Suckers For Fall MuskiesBy Dennis Radloff - October 1, 2003
Muskies are on the move, coming shallow again seeking anything they can sink their teeth into responding to natures call for a long winters nap. No I'm not saying they will go into a deep sleep once the lakes freeze over, but they will slow down with the colder water, explaining the feeding binge they will indulge themselves in over the next 2 months. Before I get into discussing the how and why of using live bait, let me emphasize one thing right now. I'm not just talking muskies in general here folks, I'm talking about some of the true giants of your waters who may spend the entire season either deep or suspended, the giants you will only see this fall! The reason you are going to see some of these giants are simple. Nature is moving the diner table onto the shallow flats. This is also the time of the year that ciscoes will be spawning in the shallow weed flats, so your giants will be close behind to ravage the easy pickings!
QUICK STRIKE RIG
While there are a variety of live bait rigs on the market, along with many home made versions, the only system I recommend is the "quick strike" rig. This system gets its name by the manner in which you use it. It's designed so that as soon as your giant grabs the sucker, you set the hooks. This way you have a clean hook set on the fishes mouth, instead of letting the fish swallow the sucker with a single hook, and then releasing the fish with a hook, and maybe up to 2 feet of wire in its stomach. Musky Hunter magazine did a complete study on single hook sucker rigs last year, and every fish died that was caught and released on single hook sucker rigs.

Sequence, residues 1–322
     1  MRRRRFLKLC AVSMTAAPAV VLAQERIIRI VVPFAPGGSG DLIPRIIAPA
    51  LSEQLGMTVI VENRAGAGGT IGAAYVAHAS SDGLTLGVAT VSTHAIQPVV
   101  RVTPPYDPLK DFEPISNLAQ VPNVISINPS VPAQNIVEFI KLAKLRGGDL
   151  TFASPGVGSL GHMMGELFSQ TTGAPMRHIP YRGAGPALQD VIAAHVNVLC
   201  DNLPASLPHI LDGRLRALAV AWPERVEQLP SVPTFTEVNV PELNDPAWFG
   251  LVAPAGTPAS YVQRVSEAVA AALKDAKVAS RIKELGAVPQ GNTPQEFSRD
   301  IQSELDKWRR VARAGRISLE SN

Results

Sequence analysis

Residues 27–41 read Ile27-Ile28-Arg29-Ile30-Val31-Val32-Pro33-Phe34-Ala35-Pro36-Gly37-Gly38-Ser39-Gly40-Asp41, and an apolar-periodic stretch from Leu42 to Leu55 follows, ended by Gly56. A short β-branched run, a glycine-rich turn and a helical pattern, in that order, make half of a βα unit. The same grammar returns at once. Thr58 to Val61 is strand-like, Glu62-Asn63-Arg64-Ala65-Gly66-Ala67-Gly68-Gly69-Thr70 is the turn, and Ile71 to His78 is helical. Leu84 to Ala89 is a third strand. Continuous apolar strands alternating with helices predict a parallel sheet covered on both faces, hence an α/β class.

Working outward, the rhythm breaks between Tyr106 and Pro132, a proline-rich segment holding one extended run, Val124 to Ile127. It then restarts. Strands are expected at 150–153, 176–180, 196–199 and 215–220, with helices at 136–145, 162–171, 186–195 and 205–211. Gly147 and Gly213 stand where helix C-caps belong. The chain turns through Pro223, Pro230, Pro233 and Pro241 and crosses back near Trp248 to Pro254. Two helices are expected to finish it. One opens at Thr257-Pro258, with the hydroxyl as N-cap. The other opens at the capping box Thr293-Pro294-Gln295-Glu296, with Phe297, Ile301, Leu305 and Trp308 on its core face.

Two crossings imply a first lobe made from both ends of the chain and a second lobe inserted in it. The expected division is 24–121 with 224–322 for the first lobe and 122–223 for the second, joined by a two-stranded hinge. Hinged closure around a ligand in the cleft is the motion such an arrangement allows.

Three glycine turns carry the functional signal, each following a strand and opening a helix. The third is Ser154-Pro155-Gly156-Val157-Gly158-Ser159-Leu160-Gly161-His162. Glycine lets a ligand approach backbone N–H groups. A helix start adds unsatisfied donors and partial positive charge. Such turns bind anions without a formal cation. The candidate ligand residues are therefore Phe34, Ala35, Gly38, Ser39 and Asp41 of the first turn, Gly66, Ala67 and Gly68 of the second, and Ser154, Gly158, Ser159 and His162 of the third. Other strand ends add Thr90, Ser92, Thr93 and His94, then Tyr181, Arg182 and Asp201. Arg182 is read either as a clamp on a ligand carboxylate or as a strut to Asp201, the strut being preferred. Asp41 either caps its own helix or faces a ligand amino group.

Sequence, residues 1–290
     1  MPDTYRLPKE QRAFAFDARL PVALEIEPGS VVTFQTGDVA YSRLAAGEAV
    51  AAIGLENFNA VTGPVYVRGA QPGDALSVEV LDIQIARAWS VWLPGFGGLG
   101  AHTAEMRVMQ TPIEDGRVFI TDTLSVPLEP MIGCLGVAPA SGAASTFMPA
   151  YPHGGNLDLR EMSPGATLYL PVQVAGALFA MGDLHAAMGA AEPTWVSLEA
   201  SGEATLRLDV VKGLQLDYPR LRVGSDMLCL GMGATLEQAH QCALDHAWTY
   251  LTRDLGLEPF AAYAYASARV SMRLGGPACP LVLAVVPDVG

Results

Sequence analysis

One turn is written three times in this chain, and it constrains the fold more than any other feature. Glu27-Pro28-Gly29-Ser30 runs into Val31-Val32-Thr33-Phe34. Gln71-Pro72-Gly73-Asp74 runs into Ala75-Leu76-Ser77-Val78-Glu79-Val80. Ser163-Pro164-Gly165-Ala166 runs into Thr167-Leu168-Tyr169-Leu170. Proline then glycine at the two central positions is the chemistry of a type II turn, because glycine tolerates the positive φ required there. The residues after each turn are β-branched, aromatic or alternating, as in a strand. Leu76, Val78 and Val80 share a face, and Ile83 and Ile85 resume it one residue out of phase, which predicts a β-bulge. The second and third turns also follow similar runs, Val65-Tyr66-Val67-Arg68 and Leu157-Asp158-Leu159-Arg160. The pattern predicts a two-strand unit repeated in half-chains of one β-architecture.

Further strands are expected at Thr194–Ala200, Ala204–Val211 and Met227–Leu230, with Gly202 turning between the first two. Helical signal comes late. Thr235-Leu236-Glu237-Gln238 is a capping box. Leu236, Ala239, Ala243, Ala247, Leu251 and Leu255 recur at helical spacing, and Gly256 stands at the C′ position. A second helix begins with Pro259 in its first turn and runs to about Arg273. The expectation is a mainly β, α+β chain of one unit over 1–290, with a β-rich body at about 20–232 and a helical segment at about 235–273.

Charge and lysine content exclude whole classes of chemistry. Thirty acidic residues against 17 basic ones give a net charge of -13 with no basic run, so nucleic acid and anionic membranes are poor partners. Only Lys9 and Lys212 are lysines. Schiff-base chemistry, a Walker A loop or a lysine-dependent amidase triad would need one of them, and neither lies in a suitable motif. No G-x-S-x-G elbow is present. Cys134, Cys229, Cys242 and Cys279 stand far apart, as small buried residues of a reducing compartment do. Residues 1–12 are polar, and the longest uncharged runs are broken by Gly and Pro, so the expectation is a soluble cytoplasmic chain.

The best quick strike rig I have found is the Pete Maina brand. It's a 2-hook system, with a rubber band through the nose. You clip onto the rubber band, and then insert one hook of each treble on each side of the sucker just under the skin. These rigs pull free from the sucker very easily, yet stay in the sucker without limiting its ability to swim and maintain a natural presentation. Other rigs will work, but some of them are more cumbersome, and limit the suckers movement, or are just flat out are too visible.
Once I have the sucker rigged and ready to go to work, I will place that rod in a rod holder with the bail open, and the "clicker" or "line out alarm" on. This way when your giant grabs your offering, it can swim off freely without any resistance, and the WHAM!!! Close the bail and set the hooks as soon as you can, oh,oh,oh,oh,oh!
Here's my favorite combination. I'll put a caster at each end of the boat, with the front one throwing a Suick, and the rear throwing a 10" Jake. We'll work the boat along the outside weed edge, and I'll have at least three sucker rods in the water. One rod will be on the same side of the boat we're casting out of, about 3 feet down under a bobber. This rod located in the middle of the boat will pick up many of your follows that come in casting, and they'll grab the sucker on the way out. The second one is also in the middle of the boat, but over the backside, without a bobber and right down at the bottom of the break, this one will get the fish hanging deeper that you may not be getting to come in from the weeds. And the third one I will trail out behind the boat 20 - 30 feet, under a bobber at about 3-4 feet deep, this one will pick up late follows or reluctant fish.
One more important tip when using live bait is keeping your presentation clean. Suckers don't like having their 'arses hanging out in the open, and will often try to hide in the weeds, so it's important that you check your suckers frequently so be sure they are clean and free of weeds.
Well, I hope you're ready to get out there now and stick a giant, I know I am. Be safe, have fun, stay warm, and please CPR that giant, it'll be even bigger next year.